Spirulina health benefits: what the research tells us
LAST UPDATED: Dec 28, 2019
5 MIN READ
We do foods a disservice when we decide they’re trendy because they inevitably fall out of favor for the next big superfood. Part of it is our desire for a quick fix. For the record, it doesn’t exist.
Many “superfoods” that we dismissed because they couldn’t shrink our belly fat or cure our health problems overnight do deserve a permanent place in our kitchens—like spirulina. Spirulina is a type of cyanobacteria, a family of organisms generally referred to as blue-green algae.
Spirulina supplements are made from arthrospira (or A. maxima) and A. platensis, two kinds of microalgae. Although its moment in the sun as the health industry’s superfood darling didn’t last long, this organism has a long history of medicinal use.
The Aztecs reportedly consumed spirulina, but it was mostly forgotten until a NASA contractor suggested that it could be grown in space to nourish astronauts. We’re not going to promise it’s as tasty as Tang, but this supplement does offer many potential health benefits.
Benefits of spirulina
You’ll still find spirulina in health and supplement stores, and it occasionally pops up in random trendy drinks in order to impart that gorgeous blue-green color.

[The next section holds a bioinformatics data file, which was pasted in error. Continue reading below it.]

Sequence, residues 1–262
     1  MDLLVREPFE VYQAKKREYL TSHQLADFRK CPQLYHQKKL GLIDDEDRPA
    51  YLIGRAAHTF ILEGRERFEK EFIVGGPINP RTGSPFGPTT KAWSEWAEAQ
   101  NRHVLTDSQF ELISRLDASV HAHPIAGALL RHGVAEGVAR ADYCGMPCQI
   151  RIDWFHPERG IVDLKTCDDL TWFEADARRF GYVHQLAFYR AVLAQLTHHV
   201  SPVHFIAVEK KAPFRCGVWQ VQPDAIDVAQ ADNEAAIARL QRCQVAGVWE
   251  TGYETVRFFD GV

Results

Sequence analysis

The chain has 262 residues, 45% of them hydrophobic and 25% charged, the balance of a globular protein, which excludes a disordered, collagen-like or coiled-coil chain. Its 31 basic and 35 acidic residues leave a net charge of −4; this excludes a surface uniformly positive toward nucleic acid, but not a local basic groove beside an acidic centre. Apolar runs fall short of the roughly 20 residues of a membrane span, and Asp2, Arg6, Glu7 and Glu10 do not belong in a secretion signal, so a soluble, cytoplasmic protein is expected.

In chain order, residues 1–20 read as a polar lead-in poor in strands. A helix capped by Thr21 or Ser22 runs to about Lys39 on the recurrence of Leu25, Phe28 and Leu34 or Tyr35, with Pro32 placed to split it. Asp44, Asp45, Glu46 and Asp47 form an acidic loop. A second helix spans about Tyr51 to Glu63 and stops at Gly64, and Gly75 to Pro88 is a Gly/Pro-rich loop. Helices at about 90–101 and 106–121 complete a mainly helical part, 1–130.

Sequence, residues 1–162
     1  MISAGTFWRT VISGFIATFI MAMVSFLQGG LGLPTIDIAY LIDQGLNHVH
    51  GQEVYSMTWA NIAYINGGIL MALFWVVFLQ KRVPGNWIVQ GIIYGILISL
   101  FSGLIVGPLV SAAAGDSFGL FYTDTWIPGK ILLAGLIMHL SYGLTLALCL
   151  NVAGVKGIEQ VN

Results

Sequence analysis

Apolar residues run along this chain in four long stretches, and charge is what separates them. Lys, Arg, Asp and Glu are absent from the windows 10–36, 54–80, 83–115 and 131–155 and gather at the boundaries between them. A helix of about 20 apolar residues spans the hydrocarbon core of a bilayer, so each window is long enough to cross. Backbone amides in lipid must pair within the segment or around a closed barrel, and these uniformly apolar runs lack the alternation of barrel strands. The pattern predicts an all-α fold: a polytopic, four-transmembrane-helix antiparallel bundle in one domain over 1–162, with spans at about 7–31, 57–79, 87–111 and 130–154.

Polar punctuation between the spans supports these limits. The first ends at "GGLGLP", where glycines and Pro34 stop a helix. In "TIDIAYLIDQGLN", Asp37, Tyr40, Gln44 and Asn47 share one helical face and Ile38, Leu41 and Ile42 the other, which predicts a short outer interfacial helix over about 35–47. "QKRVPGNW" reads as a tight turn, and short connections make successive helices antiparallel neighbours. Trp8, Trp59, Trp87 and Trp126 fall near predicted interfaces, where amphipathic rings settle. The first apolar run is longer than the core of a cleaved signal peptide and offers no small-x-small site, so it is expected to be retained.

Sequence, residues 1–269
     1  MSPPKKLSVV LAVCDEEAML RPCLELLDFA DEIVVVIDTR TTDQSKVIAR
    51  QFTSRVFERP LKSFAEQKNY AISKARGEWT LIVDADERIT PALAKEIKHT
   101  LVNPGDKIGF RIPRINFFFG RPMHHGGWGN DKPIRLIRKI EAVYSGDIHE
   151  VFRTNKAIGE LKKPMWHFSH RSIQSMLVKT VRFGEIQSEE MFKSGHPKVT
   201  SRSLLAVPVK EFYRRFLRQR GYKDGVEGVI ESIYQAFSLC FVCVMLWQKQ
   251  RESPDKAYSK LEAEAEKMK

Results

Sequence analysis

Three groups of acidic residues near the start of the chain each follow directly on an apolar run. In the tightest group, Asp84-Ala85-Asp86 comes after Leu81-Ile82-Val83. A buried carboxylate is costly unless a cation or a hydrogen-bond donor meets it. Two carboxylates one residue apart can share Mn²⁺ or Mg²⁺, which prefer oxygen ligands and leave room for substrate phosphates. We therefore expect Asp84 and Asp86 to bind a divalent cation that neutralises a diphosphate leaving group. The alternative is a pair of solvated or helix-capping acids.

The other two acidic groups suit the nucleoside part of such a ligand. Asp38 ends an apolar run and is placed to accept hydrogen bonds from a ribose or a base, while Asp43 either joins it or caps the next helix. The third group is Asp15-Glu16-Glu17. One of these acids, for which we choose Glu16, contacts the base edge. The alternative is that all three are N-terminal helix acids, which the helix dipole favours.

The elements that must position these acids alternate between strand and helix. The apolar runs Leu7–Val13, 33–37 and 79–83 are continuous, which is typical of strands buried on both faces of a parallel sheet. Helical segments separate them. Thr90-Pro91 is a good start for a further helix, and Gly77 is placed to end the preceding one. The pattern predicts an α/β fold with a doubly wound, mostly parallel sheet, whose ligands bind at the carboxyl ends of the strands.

But once you know all the health benefits of spirulina, you may clear out some pantry space for this nutritious supplement. And, for the record, it is incredibly nutritious. Just one tablespoon offers 4 g of protein and a decent dose of several of the B vitamins in addition to magnesium, manganese, and copper.
May reduce high blood pressure
Spirulina may lower blood pressure in people with hypertension (abnormally high blood pressure), one study found. Daily doses of 4.5 g of spirulina were able to reduce blood pressure in 31% of participants with either type 1 or type 2 hypertension.
By the end of the study, the proportion of participants in the normal blood pressure range increased by 25%. Researchers suggest this effect is due to spirulina’s ability to release molecules that dilate blood vessels (Torres-Duran, 2007).
May reduce “bad” cholesterol
High cholesterol is one of the many risk factors for heart disease—but lowering all cholesterol isn’t the way to reduce your risk.
You want to lower total cholesterol, “bad” LDL cholesterol, and triglycerides—not “good” HDL cholesterol—and spirulina may be able to do exactly that. Just 2 g per day for two months lowered “bad” cholesterol and slightly raised “good” cholesterol in one study that looked at people with type 2 diabetes.
Another study found the same in patients with abnormally high fat in their blood; spirulina lowered their triglycerides and LDL cholesterol by 16% and 10% after just three months. This study used just 1 g per day as the dosage, though others have used dosages as high as 8 g per day (Mazokopakis, 2014).
May help prevent heart disease